Penn State can breathe a sigh of relief. Kaleigh Riehl is back in the starting lineup.
The sophomore defender from Fairfax Station, Va., was one of five Nittany Lions to take a redshirt last season in order to represent the U.S. at the U-20 Women’s World Cup in Papua New Guinea.
Her head coach, Erica Dambach, spoke glowingly of Riehl’s value to the team.
“When you’re as humble and reliable as Kaleigh is, she’s tailor made to be a really special center back. She’s kind of a pessimist by nature in a good way, the way that a defender should be in that she’s always thinking about the worst, always anticipating,” Dambach said. “But the biggest thing is just she’s as reliable as they come — being able to read the play and lead the line.”
As a true freshman in 2015, Riehl started all 27 matches on Penn State’s spectacular run to its first national championship in program history. That year, the Nittany Lion defense posted 15 shutouts, including eight clean sheets in a row to finish the season.
The nation’s No. 10 prospect for her cycle earned Big Ten All-Freshman recognition as well as TopDrawerSoccer Freshman Best XI First Team honors for her efforts. Her father, Mark, played soccer for Virginia from 1975-79, so the game certainly runs in her family.
Riehl believes Raquel Rodríguez, Britt Eckerstrom, and Mallory Weber’s leadership trickled down to a new generation after they graduated.
“I think they did a good job of passing that down so our new captains Britt Basinger and Elizabeth Ball have been able to step right in. They’ve been great leaders and helped us to grow,” Riehl said.
Riehl, a kinesiology major who plans to become a physical therapist, has also taken on a more vocal role during preseason camp. A frequent contributor on the youth national teams, Riehl said she admires Becky Sauerbrunn for how well she reads the game.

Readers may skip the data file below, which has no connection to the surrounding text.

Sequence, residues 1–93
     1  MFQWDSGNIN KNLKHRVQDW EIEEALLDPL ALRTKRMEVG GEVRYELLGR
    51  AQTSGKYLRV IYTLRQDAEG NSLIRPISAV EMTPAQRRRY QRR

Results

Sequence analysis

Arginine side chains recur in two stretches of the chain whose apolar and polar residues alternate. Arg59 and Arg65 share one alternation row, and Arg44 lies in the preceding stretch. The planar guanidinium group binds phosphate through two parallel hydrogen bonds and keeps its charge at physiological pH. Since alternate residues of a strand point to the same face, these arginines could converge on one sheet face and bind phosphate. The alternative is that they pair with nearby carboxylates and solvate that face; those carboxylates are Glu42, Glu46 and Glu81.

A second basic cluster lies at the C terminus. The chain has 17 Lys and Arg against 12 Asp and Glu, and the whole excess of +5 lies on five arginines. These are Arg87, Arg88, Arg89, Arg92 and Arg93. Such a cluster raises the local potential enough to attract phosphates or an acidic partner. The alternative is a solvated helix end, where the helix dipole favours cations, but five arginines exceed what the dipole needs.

“I always look to bring a voice when I’m on the field,” Riehl said. “I think that’s really important in my position to kind of lead the people around me, just a comforting voice knowing I’m supporting people.”
Junior midfielder Marissa Sheva doesn’t downplay the importance of having such a talented defense to take pressure off the Penn State attack.
“It’s very comforting,” Sheva said. “We have so much depth, especially in the back line, and that’s really great knowing that no matter who’s on the field we have a great group of girls behind us.”
Exactly who will make up that starting four is still up in the air, though. Riehl and Ball are almost assured to resume their jobs at center back, while Basinger, Ellie Jean, and Maddie Elliston will battle it out for the two remaining outside spots.
The Nittany Lions open their season Friday at 7 p.m. versus No. 8 BYU, with a large home crowd expected to be on hand for the first sporting event of the 2017-18 school year.
“This is my family here, so I’m really excited to be back with them and playing under the lights on Jeffrey Field. You can’t ask for a better atmosphere,” Riehl said.
The Cougars beat Penn State 3-2 last season, but this year’s Nittany Lions are hungry to prove they’re national title contenders again. Dambach assembled one of college soccer’s toughest non-conference schedules to leave no doubt.
“They’re a great team,” Riehl said of BYU. “They’re gonna come out and be gritty and aggressive. We hope that we can bring that same energy and blue-collar mentality to the game and compete.”